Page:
Chafee estimates that the state will face a $120 million deficit in next year's budget. While that's an improvement over the $300 million deficit lawmakers eliminated in the current year's budget, Chafee says the red ink will be difficult to erase through cuts alone. He wouldn't offer specifics but said he's weighing the possibility of recommending some form of tax increase.

Let me take this opportunity to remind readers that both during the 2010 Rhode Island Gubernatorial campaign, and immediately after the election, I asked Governor Chafee through his campaign/transition team if he would be willing to answer a set of questions that included this one...
4.The combined state and municipal budgets for Rhode Island have grown steadily (adjusted for inflation) over the past 10 years, a period of time which includes September 11, 2001 and its immediate aftermath, the end-of-the-financial world as we knew it in 2008, and the relative lull (at least domestically) in between.

Is it by design or by accident that government has been growing as if on autopilot -- or would you disagree with that characterization entirely? Compared with 10 years ago, are Rhode Islanders getting more in return for their increased spending?

The response I received, the second time I asked, was...
We do not agree with the premise of these questions.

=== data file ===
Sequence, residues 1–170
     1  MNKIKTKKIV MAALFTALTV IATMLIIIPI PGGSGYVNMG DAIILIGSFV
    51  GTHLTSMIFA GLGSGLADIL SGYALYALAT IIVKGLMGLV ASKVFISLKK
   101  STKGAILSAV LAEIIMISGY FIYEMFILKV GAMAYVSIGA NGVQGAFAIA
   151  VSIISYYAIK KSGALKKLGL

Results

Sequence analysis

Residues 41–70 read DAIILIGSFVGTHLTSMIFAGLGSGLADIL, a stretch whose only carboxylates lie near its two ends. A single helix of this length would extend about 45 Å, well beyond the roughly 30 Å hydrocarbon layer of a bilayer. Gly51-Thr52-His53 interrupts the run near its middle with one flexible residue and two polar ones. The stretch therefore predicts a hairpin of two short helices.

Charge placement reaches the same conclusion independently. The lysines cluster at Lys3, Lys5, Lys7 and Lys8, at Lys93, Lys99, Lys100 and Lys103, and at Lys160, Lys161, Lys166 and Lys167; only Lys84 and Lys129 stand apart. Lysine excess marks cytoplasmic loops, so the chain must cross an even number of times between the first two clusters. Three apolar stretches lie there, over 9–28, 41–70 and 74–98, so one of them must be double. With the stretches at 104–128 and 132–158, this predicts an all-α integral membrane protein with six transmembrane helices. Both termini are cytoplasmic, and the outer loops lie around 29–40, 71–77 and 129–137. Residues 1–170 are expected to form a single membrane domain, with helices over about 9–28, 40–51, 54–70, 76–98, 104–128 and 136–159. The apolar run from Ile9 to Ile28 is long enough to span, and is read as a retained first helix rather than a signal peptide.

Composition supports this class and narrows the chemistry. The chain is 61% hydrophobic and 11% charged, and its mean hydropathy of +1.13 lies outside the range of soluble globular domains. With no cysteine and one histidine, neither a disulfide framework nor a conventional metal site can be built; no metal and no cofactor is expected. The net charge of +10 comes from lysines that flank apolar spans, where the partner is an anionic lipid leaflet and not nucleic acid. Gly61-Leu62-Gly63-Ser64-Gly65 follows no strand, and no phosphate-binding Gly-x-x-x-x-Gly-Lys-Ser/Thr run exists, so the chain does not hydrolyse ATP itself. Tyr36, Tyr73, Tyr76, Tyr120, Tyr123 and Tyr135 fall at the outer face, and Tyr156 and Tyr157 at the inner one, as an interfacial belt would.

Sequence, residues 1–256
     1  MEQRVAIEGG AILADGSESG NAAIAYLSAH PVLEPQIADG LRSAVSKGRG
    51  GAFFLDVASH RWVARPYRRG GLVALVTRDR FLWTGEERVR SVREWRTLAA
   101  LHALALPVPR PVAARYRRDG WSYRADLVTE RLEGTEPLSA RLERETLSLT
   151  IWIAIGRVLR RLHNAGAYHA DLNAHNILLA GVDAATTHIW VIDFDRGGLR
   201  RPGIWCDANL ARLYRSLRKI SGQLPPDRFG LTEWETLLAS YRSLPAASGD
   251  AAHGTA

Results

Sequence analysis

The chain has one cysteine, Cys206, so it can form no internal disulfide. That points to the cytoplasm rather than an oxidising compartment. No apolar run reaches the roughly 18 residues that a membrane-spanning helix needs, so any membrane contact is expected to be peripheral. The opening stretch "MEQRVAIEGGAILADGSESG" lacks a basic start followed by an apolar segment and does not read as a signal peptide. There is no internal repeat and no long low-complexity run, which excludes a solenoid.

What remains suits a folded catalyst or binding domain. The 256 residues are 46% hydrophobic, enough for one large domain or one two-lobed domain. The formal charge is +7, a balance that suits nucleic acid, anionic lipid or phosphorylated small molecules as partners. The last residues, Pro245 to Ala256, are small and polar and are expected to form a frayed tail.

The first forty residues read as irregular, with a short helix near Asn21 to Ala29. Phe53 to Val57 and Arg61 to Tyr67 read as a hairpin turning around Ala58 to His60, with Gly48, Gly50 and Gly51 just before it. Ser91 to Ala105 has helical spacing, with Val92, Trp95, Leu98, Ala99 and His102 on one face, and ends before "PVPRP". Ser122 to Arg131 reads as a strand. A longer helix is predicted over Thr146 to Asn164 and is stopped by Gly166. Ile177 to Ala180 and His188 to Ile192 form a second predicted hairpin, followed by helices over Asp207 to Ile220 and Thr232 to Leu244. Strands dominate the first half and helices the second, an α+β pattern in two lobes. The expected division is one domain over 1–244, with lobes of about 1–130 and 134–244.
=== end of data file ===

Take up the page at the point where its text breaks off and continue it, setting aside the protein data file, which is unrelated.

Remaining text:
December 6, 2011

If Christmas Is One of the Holidays Being Celebrated, What Is It That's Wrong with a Christmas Tree?

Carroll Andrew Morse

Just in case the point hasn't been made yet: Governor Lincoln Chafee's decision that he'd like the word Christmas hidden from public view to the degree he can control, for reasons of "inclusiveness", at a statehouse "holiday" celebration that has something to do with this time of year, is not coherent. If the holidays being celebrated today include Christmas, then there should be no problem calling a Christmas tree a Christmas tree. But if Christmas is regarded by the official host of today's affair as a curse-word likely to give offense, then it makes little sense to recognize the event a celebration of Christmas -- in turn raising the question of what exactly it is that's being celebrated.

The ambiguity leaves citizens who want to celebrate Christmas in an awkward position. Are we expected to celebrate whatever the state tells us to celebrate at the designated date and time, regardless of meaning? Or should we be happy to be admitted through the metaphorical back entrance to the celebration, warmly invited to participate, so long as we don't talk too obviously about our reason for showing up?